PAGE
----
Justine King goes further and makes intricate drawings which although black-and-white she describes as an exploration of the nature of painting. Hannah Mott really does take painting itself as her subject. She starts with a freely painted mark, with all the casualness that comes from the viscous quality of paint, then by ingenious digital manipulation she turns it into something ordered and symmetrical.
Alison van Loo creates a similar intricate overall surface by using old-fashioned stone lithography and allowing the stone to make its own patterns with very satisfying results. Katie Rowland uses woodblock-printing with similar ingenuity to create big, delicate prints that are some of the most beautiful works in the whole show. In in her statement accompanying them she describes what she does as “traces of the imagination crafted into objects”. You might have thought that such a sense of the made object as an imaginative vehicle was a thing of the past. How encouraging to see that for these students at least it is not.
It is not all quite so abstract. Eleanor Cottrill has spent days drawing the Gregg’s potato processing plant, faithfully recording the people and the processes in a kind of Ruskinian hymn to the dignity of labour. Imogen Lloyd’s show is a wall hung with random images, only united apparently by her detestation of Bernie Ecclestone and his views on women might, but some of the individual drawings are quite brilliant.
The same is true of Liam Walker whose show consists of hundreds of tiny but vivid comic drawings, organised on the wall like the letters in a crossword puzzle. (The clue is in a pile of newspapers in the corner open at the crossword page.) There is some good straightforward painting too. Wilby Wyndham’s big figure paintings are well constructed and carried off with the sort of sustained verve that is essential to make such an approach work.
Darren Duddy’s towerblocks, both painted and constructed, are direct and unsentimental. So are Bernadette Kandakar’s abstract paintings which offer a mediation on the likes of Fernand Léger and Paul Klee. Lucinda Cook’s 72 multicoloured disks which, as they spin, become an almost neutral monochrome are on their own, however. So are Rebecca Fraser’s mute libraries of anonymous books.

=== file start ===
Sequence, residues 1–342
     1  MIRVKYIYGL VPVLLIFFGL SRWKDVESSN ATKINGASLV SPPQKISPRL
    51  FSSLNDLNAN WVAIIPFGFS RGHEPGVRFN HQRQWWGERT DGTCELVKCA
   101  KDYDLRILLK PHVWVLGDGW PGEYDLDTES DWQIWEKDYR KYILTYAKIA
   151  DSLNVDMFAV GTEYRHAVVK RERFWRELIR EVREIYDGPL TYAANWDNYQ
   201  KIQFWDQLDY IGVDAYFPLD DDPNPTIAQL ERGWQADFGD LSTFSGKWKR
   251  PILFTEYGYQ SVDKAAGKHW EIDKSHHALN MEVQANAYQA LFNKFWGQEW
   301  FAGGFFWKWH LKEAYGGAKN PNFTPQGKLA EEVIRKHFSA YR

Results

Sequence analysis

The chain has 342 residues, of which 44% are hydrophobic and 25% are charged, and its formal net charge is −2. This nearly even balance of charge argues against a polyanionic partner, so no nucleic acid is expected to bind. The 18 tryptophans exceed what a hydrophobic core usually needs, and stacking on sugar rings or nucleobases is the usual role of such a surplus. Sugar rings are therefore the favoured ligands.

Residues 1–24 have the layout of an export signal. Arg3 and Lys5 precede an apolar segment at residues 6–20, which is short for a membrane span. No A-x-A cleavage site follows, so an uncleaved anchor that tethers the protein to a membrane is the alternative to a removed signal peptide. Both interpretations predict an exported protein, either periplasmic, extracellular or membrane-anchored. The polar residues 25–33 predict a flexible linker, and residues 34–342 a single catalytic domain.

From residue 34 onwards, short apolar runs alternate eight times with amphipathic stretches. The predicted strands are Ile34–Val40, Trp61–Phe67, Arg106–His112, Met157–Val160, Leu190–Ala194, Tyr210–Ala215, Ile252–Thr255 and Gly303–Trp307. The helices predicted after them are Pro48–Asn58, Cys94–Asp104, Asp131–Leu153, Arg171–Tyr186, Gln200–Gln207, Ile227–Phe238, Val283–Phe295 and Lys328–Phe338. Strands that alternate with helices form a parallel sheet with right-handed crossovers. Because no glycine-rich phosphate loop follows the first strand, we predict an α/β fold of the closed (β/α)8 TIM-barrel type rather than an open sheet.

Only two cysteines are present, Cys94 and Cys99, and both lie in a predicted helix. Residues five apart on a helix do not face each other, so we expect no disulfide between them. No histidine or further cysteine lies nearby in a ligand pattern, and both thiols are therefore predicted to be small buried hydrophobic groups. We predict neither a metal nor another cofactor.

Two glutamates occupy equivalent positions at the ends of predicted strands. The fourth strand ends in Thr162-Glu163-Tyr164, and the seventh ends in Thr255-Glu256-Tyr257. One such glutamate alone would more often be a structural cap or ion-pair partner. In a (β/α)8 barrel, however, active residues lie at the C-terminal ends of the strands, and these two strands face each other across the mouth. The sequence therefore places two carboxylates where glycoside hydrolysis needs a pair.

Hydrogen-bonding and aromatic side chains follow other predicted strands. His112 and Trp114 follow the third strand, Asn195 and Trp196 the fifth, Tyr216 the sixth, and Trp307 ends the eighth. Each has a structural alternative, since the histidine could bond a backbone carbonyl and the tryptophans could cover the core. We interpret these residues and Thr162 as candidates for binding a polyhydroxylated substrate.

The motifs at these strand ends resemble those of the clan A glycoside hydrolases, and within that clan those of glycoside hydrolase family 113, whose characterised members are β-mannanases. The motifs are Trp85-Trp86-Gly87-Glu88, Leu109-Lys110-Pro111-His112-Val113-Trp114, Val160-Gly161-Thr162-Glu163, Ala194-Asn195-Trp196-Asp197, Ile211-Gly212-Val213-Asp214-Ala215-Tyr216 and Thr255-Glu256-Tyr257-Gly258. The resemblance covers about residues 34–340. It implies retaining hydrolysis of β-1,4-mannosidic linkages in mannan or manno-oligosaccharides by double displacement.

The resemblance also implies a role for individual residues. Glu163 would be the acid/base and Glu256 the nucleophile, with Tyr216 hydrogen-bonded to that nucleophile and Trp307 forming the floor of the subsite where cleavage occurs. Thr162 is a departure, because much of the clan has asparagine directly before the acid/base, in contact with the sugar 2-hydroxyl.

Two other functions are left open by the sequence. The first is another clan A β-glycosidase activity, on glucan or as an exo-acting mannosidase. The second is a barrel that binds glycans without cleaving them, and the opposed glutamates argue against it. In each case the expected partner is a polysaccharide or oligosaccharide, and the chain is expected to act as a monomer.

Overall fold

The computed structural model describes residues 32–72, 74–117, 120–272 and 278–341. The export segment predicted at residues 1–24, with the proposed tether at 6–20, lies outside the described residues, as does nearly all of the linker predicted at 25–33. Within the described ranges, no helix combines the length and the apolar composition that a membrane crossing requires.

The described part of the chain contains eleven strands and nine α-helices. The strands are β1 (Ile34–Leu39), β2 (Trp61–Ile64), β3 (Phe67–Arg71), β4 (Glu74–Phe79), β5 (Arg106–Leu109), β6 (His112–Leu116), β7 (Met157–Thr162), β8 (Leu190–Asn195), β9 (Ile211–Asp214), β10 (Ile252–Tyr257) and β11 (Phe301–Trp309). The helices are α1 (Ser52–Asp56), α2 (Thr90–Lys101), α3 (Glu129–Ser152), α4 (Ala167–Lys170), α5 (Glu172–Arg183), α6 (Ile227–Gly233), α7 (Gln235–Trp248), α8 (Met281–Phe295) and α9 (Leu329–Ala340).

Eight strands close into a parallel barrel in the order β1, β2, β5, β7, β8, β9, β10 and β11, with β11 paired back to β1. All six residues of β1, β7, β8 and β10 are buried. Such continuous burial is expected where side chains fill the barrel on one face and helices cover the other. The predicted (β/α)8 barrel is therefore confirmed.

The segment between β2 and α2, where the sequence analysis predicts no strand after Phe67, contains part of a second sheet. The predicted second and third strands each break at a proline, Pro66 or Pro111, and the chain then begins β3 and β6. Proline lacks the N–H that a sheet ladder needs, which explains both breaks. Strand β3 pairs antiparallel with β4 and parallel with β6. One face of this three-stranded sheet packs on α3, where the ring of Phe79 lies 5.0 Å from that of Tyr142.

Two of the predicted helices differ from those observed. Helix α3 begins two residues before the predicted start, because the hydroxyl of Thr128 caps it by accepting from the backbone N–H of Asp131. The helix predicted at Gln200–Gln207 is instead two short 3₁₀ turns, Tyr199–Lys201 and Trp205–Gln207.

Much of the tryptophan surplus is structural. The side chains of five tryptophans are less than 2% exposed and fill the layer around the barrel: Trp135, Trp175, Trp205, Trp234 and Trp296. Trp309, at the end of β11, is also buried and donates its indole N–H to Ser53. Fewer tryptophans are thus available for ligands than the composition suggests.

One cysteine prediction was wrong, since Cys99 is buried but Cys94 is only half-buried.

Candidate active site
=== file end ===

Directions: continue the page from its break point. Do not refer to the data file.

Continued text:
Painting is by far the largest group, but there is work to commend in sculpture too, although some of it is quite dotty. William Darrell, for instance, has created a sort of travelling showman’s set-up with a sleeping pod and a musical fountain powered by water-filled balloons and he drags it all around the country too. Owen Ramsay’s Occasional Showers is a wind and rain machine that spatters you with rain as you peer in at miniature landscapes. Marta Poprawa also creates miniature landscapes, but you can only see them by gazing through holes in a vast steel structure which subverts our sense of scale. Benjamin Cocker celebrates the sculptural form of Victorian radiators by painting them bright yellow. Lendita Xhemajli has created a world of white by emptying sacks of plaster with a scoop. Plaster is a traditional sculptor’s medium. Exploring its formless state is a bit like the painters’ return to the origins of mark making.
In intermedia, Hazel France has gone one better than Douglas Gordon’s Twenty Four Hour Psycho by breaking a piece of film down into individual, static slides. Renzo Pedreschi has built miniature walls out of tiny clay bricks, certainly pointless, but quite charming.
It is good to see photography as a wholly independent discipline. Among the photographers, James Kirk has made a time-lapse exploration of a Highland landscape as lights move up a hillside. Michael Daniels professes a concern with death in a series of pictures of innocent-looking substances that are harmless in small quantities, but which in greater amounts become toxic. The images of neat little piles seem to represent those toxic quantities.
Degree Show 2012
Edinburgh College of Art
• ECA’s 2012 Degree Show continues until Monday 11 June. See next Thursday’s The Arts magazine for a review of Glasgow School of Art’s 2012 degree show.
Search for a job
Search for a car
Search for a house
Weather for Edinburgh
Saturday 18 May 2013
Temperature: 9 C to 13 C
Wind Speed: 18 mph
Wind direction: North east
Temperature: 9 C to 18 C
Wind Speed: 8 mph
Wind direction: North east